Doberman Pinscher

doberman pinscher in the woods relaxing

Breeders developed the Doberman Pinscher in Germany. The idea was to create a giant terrier that had the capabilities of a guard dog. Although a satisfactory type of the breed had been bred by 1890, a man named Otto Galler assisted by improving the breed further. Also, he added the Pinscher to the name. Breed enthusiasts formed the National Doberman Club in Germany in the year 1900.

This dog is capable of great speed and is intelligent with firm character traits; therefore, this breed requires sensible handling. These dogs are also bold, alert, and obedient. This is a medium-sized, tough breed, muscular, and elegant with a well-set body and proud carriage. It has a short, thick, close-lying coat that’s easy to care for, and the colors are black, brown, blue, or fawn, with rust-red markings, sharply defined.

Doberman Pinscher Breed Facts

doberman pinscher book

Temperament: The Doberman Pinscher is a breed with a purpose. These dogs are great working dogs and companions. Dobermans are vigilant, relentless, and courageous. They’re also trustworthy, protective, and loyal to their families. We know the Doberman to be sensitive. Therefore, abstain from inconsistent handling and rough training. They’re quick learners and will need plenty of social interaction. This breed will need strong, consistent, and sensible leadership for this breed to reach its full potential.

Grooming: This breed will do well with a weekly brushing, ear cleaning, and nail trimming.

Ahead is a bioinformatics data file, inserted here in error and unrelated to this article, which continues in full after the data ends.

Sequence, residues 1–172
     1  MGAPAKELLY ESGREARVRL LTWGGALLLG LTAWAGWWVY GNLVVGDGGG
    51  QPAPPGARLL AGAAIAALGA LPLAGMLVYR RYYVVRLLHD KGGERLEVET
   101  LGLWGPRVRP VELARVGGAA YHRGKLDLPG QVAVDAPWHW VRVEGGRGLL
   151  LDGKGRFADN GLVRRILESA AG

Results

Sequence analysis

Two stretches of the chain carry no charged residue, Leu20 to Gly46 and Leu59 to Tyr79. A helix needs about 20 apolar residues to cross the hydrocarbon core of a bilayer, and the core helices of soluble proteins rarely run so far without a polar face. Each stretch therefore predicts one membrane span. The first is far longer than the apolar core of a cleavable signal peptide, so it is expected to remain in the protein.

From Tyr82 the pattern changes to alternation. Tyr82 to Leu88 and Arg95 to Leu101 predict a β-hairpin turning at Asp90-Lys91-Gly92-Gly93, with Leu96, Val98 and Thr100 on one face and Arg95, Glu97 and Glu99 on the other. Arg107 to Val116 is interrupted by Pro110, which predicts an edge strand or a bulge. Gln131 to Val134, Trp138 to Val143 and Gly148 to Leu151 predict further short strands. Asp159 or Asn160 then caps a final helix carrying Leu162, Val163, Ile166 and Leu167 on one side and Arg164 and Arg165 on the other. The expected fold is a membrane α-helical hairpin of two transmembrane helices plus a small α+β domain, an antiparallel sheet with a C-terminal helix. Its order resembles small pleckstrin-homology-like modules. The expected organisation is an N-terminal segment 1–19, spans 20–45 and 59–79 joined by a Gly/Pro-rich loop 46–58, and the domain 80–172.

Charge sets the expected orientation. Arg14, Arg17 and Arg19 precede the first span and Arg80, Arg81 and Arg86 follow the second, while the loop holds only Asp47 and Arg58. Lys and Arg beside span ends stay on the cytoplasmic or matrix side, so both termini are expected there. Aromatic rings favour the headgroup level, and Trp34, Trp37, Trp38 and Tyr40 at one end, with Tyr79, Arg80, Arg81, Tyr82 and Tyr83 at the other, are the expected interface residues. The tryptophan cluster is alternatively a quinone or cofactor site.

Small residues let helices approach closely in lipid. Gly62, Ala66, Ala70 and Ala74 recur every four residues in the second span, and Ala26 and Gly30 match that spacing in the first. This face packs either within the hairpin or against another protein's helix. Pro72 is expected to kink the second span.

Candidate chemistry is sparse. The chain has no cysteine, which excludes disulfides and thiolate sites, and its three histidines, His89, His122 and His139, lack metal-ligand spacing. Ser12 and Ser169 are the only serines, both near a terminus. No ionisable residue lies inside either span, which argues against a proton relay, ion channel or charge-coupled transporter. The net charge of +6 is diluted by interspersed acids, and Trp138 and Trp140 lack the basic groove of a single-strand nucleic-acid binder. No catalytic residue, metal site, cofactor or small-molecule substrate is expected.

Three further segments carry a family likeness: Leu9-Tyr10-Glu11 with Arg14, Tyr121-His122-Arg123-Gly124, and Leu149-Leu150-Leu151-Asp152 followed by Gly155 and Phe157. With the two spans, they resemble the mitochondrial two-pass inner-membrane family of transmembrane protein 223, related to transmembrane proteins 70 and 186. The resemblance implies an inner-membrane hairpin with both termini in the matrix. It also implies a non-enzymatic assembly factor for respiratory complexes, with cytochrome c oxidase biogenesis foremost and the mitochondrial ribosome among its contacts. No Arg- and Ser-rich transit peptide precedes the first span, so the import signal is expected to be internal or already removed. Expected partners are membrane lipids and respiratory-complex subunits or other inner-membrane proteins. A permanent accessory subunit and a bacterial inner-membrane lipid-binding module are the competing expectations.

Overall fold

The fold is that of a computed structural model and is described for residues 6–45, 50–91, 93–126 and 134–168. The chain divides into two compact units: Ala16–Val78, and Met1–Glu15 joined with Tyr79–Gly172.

Life expectancy: 10–12 years

Activity level: Modest to intense. They bred this working dog for intelligence, speed, and endurance. Dobermans need physical activity and mental activity alike. They’re very good in dog sports, which includes tracking, agility, and obedience.

Size: Males—26–28 inches, 75–100 pounds; Females–24–26 inches, 60–90 pounds

Coat: The Dobermans coat is short, smooth, and flat

Color: This breed’s colors include red, black, blue, or fawn with designed rust-colored markings on top each eye; on the mouth, throat, chest, feet, and legs; and beneath the tail

Group: They recognize The Doberman Pinscher as a member of the AKC and UK Working Group

This breed is not for someone with time constraints and cannot devote quality time to a dog. The best way to get a puppy is to find a reputable breeder that is knowledgeable and reliable. Also, visit the breeder’s home to see the puppies and their parents before making a choice.

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